Sometimes when I am driving down the road and see a vast expanse of green grass, I think, “That field really needs a grazing animal or two.” It might seem strange coming from an environmentalist and former vegetarian, but the thought occurs to me often. Working with livestock producers for the past 20 years has taught me to reevaluate some of my opinions about animal agriculture and has given me hope that we can produce food in a way that is regenerative rather than extractive. It has given me hope that we don’t need to choose between nourishing ourselves and taking care of the planet.
At Firsthand Foods, we use the term “pasture-raised,” all the time (see our producer protocols and standards). Legally, it has no meaning. Unlike a regulated claim like “organic,” pasture-raised is up for interpretation. So what does it mean to us? Pasture-raised refers to a way of producing delicious food that enables our farmers to be good stewards of the land while their livestock live naturally and humanely.
At the heart of pasture-raised production systems is a symbiotic relationship between animals and the land that if well-managed has the potential to be self-sustaining. Grazing ruminant animals – think beef, goats, and sheep — convert sunshine and water (in the form of grasses and forages) into proteins for human consumption. As they graze, their waste products provide nutrients for pasture growth and renewal. Deep root growth improves soil stability and water retention in a positive feedback loop that promotes soil microbes and forage quality, increases organic matter and earthworm populations, sequesters carbon and strengthens resilience in times of drought.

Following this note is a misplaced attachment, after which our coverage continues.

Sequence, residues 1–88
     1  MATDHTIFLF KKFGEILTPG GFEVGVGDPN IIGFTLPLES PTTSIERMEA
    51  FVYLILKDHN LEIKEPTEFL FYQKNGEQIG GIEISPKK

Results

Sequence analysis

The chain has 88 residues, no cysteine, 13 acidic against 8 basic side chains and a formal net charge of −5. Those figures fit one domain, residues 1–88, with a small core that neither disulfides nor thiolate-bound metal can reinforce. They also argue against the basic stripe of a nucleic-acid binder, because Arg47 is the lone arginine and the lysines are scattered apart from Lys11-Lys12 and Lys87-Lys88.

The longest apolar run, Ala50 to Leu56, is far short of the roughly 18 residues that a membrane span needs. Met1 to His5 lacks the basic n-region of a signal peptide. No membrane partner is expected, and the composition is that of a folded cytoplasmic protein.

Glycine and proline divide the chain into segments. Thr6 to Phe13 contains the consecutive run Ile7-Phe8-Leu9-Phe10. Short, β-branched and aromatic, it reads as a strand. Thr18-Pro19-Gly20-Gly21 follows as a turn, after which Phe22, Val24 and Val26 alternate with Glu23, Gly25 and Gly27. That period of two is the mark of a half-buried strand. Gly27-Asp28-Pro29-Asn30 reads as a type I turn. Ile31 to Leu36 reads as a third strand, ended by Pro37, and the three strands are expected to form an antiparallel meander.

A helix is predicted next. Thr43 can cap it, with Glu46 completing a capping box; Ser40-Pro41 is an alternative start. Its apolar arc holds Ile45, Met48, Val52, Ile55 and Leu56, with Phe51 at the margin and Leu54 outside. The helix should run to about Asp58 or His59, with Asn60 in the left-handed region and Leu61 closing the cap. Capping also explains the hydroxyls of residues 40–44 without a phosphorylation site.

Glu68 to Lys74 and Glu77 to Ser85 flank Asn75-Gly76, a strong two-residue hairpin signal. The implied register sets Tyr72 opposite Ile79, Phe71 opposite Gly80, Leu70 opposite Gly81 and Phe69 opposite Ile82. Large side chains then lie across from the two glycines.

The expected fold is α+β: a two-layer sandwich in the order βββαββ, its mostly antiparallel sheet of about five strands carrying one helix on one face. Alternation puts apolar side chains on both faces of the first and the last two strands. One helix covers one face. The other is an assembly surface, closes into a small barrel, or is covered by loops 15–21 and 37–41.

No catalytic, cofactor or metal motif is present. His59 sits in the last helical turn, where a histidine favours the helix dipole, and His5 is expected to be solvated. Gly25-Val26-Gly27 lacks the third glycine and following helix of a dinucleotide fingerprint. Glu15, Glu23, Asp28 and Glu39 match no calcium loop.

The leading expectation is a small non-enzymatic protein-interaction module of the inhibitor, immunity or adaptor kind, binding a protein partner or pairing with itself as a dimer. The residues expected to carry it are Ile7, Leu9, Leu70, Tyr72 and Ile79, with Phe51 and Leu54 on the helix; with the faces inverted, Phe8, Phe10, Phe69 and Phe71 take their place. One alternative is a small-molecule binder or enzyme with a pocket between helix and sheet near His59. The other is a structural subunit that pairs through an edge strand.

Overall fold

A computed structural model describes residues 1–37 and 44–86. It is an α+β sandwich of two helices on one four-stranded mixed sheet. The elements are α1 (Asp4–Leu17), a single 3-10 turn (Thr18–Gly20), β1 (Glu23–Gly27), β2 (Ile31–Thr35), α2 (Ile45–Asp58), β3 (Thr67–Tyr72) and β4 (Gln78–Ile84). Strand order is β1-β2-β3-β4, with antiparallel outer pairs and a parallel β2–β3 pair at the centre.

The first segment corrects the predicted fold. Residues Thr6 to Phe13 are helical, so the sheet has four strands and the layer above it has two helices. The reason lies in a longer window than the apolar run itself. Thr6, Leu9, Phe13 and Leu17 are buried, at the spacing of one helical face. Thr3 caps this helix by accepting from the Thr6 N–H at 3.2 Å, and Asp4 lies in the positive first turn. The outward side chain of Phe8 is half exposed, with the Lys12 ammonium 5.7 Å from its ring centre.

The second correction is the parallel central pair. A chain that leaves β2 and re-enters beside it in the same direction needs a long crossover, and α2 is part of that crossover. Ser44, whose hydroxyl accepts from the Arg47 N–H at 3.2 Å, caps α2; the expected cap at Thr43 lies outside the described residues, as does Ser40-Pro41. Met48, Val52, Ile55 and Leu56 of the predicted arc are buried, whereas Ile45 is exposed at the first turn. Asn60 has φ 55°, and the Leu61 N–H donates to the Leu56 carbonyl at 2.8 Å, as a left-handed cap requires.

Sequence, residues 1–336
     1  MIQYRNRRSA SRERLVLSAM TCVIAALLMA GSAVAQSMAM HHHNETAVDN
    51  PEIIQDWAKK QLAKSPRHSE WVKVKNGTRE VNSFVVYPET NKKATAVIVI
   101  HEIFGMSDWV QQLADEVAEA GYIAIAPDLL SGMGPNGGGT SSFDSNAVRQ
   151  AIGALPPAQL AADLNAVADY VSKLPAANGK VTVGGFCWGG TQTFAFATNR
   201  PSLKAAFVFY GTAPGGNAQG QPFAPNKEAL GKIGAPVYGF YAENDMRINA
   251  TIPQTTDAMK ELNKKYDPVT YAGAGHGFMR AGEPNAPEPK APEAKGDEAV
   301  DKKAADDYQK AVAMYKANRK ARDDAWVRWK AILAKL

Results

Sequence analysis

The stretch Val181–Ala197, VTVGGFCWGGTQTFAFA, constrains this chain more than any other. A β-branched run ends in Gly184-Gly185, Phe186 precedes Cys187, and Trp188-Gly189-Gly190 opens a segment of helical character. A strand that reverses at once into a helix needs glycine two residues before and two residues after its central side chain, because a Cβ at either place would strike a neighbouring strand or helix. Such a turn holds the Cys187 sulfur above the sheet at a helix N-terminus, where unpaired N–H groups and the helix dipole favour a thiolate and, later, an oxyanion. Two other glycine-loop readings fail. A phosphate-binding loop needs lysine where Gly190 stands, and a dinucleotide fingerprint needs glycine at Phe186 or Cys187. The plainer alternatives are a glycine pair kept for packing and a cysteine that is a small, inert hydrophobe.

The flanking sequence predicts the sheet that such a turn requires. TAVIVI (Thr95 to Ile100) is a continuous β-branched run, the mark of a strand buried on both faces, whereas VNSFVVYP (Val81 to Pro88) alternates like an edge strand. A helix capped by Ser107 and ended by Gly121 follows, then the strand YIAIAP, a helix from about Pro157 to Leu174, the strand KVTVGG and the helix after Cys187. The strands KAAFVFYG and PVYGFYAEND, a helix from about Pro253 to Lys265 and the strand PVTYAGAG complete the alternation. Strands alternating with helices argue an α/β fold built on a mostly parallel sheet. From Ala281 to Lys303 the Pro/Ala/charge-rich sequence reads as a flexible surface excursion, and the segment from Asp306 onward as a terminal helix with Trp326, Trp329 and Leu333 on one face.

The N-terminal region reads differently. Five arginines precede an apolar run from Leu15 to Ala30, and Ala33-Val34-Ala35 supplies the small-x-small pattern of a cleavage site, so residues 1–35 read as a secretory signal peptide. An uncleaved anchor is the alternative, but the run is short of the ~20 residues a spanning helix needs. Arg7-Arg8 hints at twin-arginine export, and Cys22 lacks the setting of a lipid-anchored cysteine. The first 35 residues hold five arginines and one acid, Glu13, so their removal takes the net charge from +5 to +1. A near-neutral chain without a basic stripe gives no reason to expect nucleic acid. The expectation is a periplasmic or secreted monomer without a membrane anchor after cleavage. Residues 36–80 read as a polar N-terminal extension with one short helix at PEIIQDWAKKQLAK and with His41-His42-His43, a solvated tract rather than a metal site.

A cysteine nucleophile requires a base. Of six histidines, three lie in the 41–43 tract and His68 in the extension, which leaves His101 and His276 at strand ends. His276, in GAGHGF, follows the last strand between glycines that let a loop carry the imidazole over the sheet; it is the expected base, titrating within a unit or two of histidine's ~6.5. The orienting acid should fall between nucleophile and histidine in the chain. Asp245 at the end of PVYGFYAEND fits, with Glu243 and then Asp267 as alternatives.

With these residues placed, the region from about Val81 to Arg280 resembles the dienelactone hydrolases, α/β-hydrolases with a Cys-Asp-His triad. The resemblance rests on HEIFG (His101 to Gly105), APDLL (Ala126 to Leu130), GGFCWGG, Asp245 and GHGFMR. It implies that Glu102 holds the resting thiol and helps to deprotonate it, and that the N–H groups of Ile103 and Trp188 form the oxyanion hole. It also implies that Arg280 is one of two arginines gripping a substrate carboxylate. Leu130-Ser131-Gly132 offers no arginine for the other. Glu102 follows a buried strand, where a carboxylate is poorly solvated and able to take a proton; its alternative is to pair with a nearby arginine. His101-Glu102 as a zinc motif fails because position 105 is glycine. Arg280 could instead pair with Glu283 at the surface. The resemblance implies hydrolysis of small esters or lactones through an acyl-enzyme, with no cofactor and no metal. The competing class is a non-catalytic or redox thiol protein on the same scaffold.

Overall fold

The key to making this natural cycle work is carefully managed animal movement or “intensive rotational grazing.” Whereas livestock kept in close quarters for too long results in overgrazing, nutrient concentration and pollution, rotational grazing strategies can eliminate these problems. And NC State University’s Amazing Grazing Program is demonstrating that intensive rotational grazing has economic benefits for farmers, including improving yields and forage quality and reducing labor and fuel expenses.
This is not to say that pasture-raised production systems are perfect. There is still much to learn and improve upon when it comes to sustainably managing animals outdoors. This is especially true for omnivores, including hogs, which do not spend much time grazing and can easily denude the landscape. But the principle of carefully managing animal movement still holds true for our Animal Welfare Approved hog farmers as they plant annual crops for hogs to forage in and creatively use of woodlots and wallows.
At Firsthand Foods, we notice that meat from animals carefully managed on pasture results in great taste and quality. Full of heart healthy fats and flavor, the eating experience is made exceptional. While our customers no doubt add the finishing touches in terms of preparation, the real essence of the meal begins on the farm. It begins with the commitment our producers make to stewardship and their creative management of four simple ingredients – animals, plants, sunshine, and water.
So when we make the claim that our meat is “pasture-raised,” we’re communicating our company’s commitment to stewardship, to providing high quality meats, and to helping build sustainable agricultural systems that don’t just taste good in the short term but nourish us for the long term.